Bryan Markovitz

Bryan MarkovitzBryan MarkovitzBryan is a second-year PhD student affiliated with the Department of Theatre Arts and Performance Studies, as well as Brown's Program in Science and Technology Studies. His most recent essays include "History, Performance, and Sound in the Acousmate d'Ansacq," "Seeking Temporary Refuge in Queer Pastorals," "Reenacting Anatomy Theatre in Nineteenth Century Edinburgh," and "Who Will Wake the Dreamers at the 2010 Shanghai World Expo?"

As an artist and scholar, Bryan Markovitz investigates theatre's function as an interactive space of creative experimentation. He is especially interested in the sensory and semiotic aspects of spatial artifice, non-linear narrative, and theatrical environments that are created for experiments with uncertain outcomes. He is drawn to the history of performance as a composed scape, scene, or spatial arrangement of complex meaning. Such performances include the traditions of tableaux vivants, panoramas, happenings, and installations. They also inspire historical connections between the experimental abstractions of art and science, and point to theatre's relevance as a directly experienced medium for historiographic and microhistorical speculation. Finally, Bryan's work explores concepts of modernity and mediation as they relate to the bifurcation of natural and social experience. His current scholarly research focuses on uncovering archival accounts of phenomenal events in the early modern period, where inexplicable sightings and sounds became the source of intense debate.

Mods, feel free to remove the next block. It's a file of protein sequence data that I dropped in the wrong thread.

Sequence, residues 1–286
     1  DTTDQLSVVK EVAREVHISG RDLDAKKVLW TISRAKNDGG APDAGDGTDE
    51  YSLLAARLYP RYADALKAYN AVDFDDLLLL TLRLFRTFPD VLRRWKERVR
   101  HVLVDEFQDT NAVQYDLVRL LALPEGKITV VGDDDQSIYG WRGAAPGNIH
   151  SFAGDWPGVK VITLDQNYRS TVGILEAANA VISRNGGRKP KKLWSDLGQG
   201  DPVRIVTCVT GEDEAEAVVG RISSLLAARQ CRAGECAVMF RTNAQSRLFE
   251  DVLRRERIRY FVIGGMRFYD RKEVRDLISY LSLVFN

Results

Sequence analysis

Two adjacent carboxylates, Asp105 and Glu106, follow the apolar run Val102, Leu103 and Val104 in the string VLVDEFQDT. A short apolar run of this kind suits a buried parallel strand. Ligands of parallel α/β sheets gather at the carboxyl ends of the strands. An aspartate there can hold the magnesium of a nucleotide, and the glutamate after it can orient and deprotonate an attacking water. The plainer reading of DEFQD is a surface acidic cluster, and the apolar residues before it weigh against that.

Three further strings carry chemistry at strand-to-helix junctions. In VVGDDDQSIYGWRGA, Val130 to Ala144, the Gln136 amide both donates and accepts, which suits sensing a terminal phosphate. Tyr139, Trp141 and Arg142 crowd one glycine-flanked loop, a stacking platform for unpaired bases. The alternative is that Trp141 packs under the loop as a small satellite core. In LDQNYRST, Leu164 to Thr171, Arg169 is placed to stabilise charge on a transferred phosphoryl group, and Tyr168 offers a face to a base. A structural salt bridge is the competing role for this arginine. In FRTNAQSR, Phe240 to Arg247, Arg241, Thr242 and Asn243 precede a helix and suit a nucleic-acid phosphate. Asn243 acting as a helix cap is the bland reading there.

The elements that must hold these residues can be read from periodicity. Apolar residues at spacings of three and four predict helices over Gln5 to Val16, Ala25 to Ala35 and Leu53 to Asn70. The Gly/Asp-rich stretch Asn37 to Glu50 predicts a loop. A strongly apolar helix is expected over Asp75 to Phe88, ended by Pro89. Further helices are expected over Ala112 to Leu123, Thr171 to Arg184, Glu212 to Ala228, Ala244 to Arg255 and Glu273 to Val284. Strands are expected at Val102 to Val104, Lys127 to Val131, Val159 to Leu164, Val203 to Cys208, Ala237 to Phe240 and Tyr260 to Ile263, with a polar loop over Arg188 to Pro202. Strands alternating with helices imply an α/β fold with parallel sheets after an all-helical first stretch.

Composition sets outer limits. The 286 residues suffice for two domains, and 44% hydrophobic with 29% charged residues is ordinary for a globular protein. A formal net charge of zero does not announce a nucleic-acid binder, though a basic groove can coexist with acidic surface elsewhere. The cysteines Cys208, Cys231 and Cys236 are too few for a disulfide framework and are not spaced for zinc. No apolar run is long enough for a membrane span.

Bryan is trained in theatre and the fine arts, with a professional background in directing, performance art, painting and drawing, writing, interaction design, and strategic communication. He holds an MFA in Studio Art from the School of the Art Institute of Chicago, and a BA in Theatre from Trinity University. He also occasionally works as a freelance strategist with ESI Design in New York City, where he served as the company's Director of Business Development for several years before returning to academia. In 1997, Bryan co-founded Liminal, a Portland, Oregon based performance ensemble that creates live events through research, rigorous physical technique, and networked environments. He received three Portland Drama Critics Circle Awards for best direction and design of Liminal projects.